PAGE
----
No, I’m not going to suggest we eat illegal immigrant children, an idea I saw today on a Fox News message board. However, the Fox comments got me to thinking. One called for sending illegal immigrants to GITMO. It sounded kind of mean, but then I wondered: What if Congress and the president agreed to build a concentration camp? We would call it a concentration camp. We would let people know that if they get caught crossing illegally, or are otherwise determined to be probably here illegally, that they would be detained indefinitely, pending a transparent legal process.
Calling the facility a concentration camp might convince some conservatives to literally get out of the way so we could process these children (and grownups) in an orderly way; operating it as a humanitarian concern could secure liberal buy-in.
But what could really sell the plan is the practical benefits.Illegal immigrants would have no danger of leaking into the labor market, which is a big concern. Often they will work harder for less money and under poorer conditions than American workers. This is not fair to American workers, who chose to enter the U.S. legally via their mother’s birth canal.
Then we get Congress to pass sweeping legislation to put the migrants to work immediately on vast marijuana farms. Due to climate concerns, we might have to outsource production of other drugs. Coca doesn’t do well in the continental U.S., apparently. Opium poppies, I’m not sure about. GITMO might come in to play. The business plan is simple: Produce a great product in staggering quantities.The product would be seized, pending legislation to feed government-stockpiled drugs to everyone who wants them, in an orderly way. By making all recreational drugs affordable and legal, we would find out quickly who would succumb to addiction and who wouldn’t. Those who find heroin or cannabis more alluring than work could go live at the concentration camp, where they would be given a bottomless supply of whatever they want, plus Wi-Fi and munchies.This immediately solves many problems with gangs and drug cartels. It creates jobs, by both increasing agriculture and removing people who’d rather be stoned and unemployed from the labor market.
For each American who chooses to retire in this fashion, a job might be opened up for an immigrant. (BTW, I’m all for making them learn English. I’m an English teacher, among other things). It could save a lot in health-care costs, because drug-related violence would be vastly reduced. Prison costs would go down, because many crimes would disappear, and many prisons could be converted to agricultural use.This can’t really be laissez-faire. The private sector doesn’t have the resources to do this. It will take a lot of political will to build the camps, alter drug laws, set up drug-production infrastructure and create an orderly process for the intake of drug addicts into custody (They don’t necessarily have to be locked up indefinitely; but while they are being stabilized on the substance regime short-term incarceration might be desirable.) The U.S. has the highest incarceration rate in the world, so we have the experience.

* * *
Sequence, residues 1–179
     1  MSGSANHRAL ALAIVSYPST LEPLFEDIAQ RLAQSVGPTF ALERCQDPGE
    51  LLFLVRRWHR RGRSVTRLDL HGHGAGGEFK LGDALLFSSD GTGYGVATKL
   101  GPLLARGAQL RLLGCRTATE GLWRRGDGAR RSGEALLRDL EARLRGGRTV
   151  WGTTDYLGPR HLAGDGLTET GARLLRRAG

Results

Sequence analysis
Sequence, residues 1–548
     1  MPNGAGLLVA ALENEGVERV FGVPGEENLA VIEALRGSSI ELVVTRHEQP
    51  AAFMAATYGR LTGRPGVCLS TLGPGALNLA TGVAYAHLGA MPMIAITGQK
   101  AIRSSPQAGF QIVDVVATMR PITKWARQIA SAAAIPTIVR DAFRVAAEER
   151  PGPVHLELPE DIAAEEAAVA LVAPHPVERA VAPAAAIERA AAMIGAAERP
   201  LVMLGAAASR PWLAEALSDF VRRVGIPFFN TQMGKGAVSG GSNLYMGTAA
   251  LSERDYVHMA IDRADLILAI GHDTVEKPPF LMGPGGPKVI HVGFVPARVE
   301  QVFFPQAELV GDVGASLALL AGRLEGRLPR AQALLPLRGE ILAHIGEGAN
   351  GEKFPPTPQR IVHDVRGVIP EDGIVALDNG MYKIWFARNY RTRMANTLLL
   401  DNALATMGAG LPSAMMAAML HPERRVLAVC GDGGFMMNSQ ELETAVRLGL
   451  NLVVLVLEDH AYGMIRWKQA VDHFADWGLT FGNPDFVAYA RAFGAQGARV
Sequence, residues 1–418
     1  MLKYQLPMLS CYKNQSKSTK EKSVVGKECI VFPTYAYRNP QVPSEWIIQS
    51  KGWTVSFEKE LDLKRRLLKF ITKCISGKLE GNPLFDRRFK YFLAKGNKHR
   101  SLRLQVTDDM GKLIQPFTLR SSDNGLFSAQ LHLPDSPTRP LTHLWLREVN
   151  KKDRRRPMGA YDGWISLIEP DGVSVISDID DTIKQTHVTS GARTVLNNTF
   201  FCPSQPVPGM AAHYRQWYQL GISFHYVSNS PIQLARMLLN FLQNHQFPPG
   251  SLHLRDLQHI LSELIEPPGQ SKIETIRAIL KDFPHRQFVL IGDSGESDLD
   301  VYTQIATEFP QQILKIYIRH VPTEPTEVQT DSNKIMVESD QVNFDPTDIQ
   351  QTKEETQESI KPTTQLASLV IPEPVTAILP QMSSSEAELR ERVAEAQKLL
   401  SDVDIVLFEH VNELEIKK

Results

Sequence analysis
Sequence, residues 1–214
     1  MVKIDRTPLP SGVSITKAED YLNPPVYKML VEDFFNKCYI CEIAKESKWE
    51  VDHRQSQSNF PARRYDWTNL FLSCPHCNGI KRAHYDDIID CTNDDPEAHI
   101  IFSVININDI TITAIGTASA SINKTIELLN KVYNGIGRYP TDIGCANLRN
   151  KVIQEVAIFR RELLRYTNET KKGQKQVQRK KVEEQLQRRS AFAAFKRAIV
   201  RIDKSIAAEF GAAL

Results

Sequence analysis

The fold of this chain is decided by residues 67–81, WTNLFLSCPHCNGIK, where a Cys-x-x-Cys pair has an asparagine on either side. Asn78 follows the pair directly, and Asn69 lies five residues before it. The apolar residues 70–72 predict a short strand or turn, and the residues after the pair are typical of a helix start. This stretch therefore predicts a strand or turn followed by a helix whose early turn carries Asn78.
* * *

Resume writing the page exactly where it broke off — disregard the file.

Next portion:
We also have experience creating agricultural surpluses. The illegal immigrants would be creating actual wealth – too much of it to dump on an open market, IMO. No, the point is to create enough supply to radically alter the supply-and-demand dynamic, making cartels irrelevant, which in turn might improve life in Latin America enough to reduce illegal immigration.
To me this scenario solves a variety of problems. Put people to work who want to work; let people who don’t want to work stop working; neutralize organized crime cartels; help addicts reach their “bottoms” so they can figure out what they want out of life and do something about it or not as they see fit. Boomers would get their weed – a bipartisan issue if I ever saw one. The U.S. could become a net exporter of drugs, possibly improving the balance of trade. And actually the problem of prison capacity largely takes care of itself, because with fewer laws to break there will be fewer criminals to lock up at taxpayer expense. Plus, government welfare checks won’t be spent on drugs – no need – babies will get their milk or medicine or whatever.
Also, it could strengthen America militarily, by offering citizenship opportunities for young people willing to serve in the Armed Forces, and it could even help the environment, reducing degradation due to off-road trafficking, cutting transportation costs and reaping solar energy to both grow the crops and power the farms.
This all seems humane to me, and possibly even constitutional. But I do believe the government needs to take the lead. If lawmakers can focus on getting this up and running it could yield tremendous benefits.